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Clearvu Collies: Prioritizing Health Through Genetic Testing

At Clearvu Collies, we take a long-term approach to breeding healthy, happy dogs. We believe responsible breeding means ensuring only healthy traits are passed down to future generations. That's why every Collie at Clearvu undergoes comprehensive genetic testing to identify potential health concerns.

We utilize a variety of tests from GenSol to screen for the following:

Collie Disorder Panel, which includes tests for:

  • Collie Eye Anomaly (CEA): This inherited eye disease can affect vision in varying degrees. We take all Clearvu puppies to a board-certified ophthalmologist for examination between 6-9 weeks of age.

  • Multidrug Sensitivity (MDR1): This genetic mutation affects how a dog metabolizes certain medications. MDR1 testing helps us avoid potentially dangerous drug interactions.

  • Dermatomyositis (DMS): This autoimmune disease causes inflammation of the skin, muscles, and blood vessels. Early detection and management are crucial.

  • Degenerative Myelopathy (DM): This progressive neurological disease affects the spinal cord, causing hind leg weakness and eventual paralysis. While there's no cure, genetic testing allows us to make informed breeding decisions.

  • Collie Cyclic Neutropenia (CN): Also known as Grey Collie Syndrome, this condition causes fluctuations in white blood cell count, leaving dogs vulnerable to infections.

  • Hyperuricosuria (HUU): This genetic mutation can cause painful urinary stones.


Collie Disorder Panel

What is Collie Eye Anomaly (CEA)?

Collie Eye Anomaly, or CEA, is a genetic eye illness that affects a variety of breeds, particularly herding dogs such as collies and Shetland sheepdogs. This mutation damages the eye's interior tissues, including the choroid, retina, and optic disk. The degree of vision loss varies from dog to dog and is determined by the severity of the developmental abnormalities. Some dogs with CEA may have normal eyesight, however others may suffer visual loss or blindness.

Collie Eye Anatomy
Eye Anatomy - Collie Health Foundation

Researchers first noted this problem in the 1960s, but the mutation was only pinpointed in 2007. It was found to exist in most Collies and in most Collie families. CEA’s physical symptoms are present prior to birth. It can present, however, with different degrees of severity.” (Collie Health Organization) 

To check for this anomaly all Clearvu puppies go to a Board Certified Ophthalmologist located in Richmond, VA when they are between 6-9 weeks old.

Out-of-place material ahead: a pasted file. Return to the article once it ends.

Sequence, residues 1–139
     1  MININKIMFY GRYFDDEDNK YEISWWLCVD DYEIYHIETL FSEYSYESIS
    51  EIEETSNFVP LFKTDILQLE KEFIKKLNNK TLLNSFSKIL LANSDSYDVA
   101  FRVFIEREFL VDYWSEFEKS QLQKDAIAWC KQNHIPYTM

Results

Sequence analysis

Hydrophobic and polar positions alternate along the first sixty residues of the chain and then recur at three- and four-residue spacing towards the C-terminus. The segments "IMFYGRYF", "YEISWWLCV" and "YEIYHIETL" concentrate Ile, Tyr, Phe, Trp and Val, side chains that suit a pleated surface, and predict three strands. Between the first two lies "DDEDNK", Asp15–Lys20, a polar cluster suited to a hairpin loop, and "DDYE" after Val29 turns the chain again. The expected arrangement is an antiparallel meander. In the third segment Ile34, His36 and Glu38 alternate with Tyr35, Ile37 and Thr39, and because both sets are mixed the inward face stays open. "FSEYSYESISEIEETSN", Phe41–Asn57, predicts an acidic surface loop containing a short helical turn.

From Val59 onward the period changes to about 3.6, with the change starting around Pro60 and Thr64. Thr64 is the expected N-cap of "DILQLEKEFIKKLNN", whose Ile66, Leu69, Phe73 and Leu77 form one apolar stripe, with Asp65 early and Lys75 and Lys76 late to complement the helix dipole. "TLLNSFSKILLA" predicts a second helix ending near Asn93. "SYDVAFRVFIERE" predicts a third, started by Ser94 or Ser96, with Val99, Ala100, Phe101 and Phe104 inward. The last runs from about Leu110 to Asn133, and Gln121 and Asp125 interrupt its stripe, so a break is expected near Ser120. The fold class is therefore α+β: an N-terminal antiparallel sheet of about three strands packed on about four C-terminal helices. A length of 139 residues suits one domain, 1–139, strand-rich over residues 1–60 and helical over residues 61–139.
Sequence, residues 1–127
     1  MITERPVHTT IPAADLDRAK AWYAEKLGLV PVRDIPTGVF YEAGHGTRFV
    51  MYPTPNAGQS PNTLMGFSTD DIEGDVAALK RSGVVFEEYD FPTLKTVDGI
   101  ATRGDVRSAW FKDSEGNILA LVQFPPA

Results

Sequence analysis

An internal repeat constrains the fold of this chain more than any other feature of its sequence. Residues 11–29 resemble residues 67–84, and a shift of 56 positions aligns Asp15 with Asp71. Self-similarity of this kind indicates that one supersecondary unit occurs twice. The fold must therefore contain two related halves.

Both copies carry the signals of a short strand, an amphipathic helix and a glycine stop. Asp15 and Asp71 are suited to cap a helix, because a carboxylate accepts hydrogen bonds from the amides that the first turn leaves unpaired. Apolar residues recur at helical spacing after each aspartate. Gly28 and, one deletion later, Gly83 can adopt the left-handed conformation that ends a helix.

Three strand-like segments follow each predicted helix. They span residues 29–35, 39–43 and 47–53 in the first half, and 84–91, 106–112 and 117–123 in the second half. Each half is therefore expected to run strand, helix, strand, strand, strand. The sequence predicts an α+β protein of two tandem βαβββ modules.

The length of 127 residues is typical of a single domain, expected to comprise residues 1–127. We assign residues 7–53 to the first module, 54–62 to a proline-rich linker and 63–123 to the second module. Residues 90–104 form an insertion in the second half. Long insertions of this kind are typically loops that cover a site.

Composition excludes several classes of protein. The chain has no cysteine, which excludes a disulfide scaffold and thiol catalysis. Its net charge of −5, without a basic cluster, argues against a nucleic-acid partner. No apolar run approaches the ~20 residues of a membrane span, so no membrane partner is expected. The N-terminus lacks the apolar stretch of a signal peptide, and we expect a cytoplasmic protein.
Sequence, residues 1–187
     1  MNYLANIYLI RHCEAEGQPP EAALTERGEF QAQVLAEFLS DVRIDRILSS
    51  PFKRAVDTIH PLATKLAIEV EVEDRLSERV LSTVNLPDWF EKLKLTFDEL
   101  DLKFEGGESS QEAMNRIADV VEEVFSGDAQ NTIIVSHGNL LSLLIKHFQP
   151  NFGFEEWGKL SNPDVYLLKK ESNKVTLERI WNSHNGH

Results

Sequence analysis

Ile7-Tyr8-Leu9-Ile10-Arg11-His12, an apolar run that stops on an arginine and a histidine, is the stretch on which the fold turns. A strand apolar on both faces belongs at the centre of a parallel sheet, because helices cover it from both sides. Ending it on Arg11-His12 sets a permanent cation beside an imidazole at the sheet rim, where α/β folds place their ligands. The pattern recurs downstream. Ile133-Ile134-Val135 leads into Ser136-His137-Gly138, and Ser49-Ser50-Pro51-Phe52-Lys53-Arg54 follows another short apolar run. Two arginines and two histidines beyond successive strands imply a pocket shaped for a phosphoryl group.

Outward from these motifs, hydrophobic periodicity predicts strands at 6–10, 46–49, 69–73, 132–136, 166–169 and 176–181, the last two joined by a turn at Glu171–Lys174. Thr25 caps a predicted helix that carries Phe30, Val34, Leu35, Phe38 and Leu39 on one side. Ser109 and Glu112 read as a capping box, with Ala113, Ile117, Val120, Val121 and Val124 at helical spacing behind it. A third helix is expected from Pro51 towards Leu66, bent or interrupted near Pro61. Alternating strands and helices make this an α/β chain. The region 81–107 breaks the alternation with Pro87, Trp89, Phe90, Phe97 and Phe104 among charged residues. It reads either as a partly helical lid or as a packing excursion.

To learn more we highly recommend reading the articles linked below:

What is Multidrug Sensitivity (MDR1)?

Multidrug resistance 1 (MDR1) drug sensitivity is caused by a genetic condition that exposes dogs to the risk of serious or fatal consequences when they take certain medications at specific levels. 

“In 2001, Katrina Mealey, DVM, PhD, discovered that collies and other dogs with herding-breed heritage have a defect in the MDR1 (multidrug resistance 1) gene.” (Today’s Veterinary Nurse)

MDR1 drug-sensitive dogs can live normal lives as long as drug interactions and dosages are carefully considered.

Severe and sometimes fatal consequences can result if medications are administered incorrectly, combined with other drugs, or if at-risk dogs are mistakenly exposed to issued pharmaceuticals (for example, ivermectin used to deworm horses).

To learn more we highly recommend reading the article linked below:

What is Dermatomyositis?

Dermatomyositis is a genetic hereditary illness that causes severe inflammation of the skin, muscles, and blood vessels in the body. This illness is often detected before a puppy turns six months old. Common skin issues include hair loss, redness, scaling, crusting, and scarring. More severe cases may also include skin erosions and ulceration. Typical affected locations include the face (eyes, nose, and muzzle), feet, tips of ears and tail, mouth, and paw pads. 

Dermatomyositis is best considered a condition that is managed rather than cured. Most dogs with dermatomyositis can be managed at home, rather than in the hospital. It is important to avoid activities that could traumatize the skin or muscles of affected dogs.” (VCA Animal Hospitals)

To learn more we highly recommend reading the article linked below: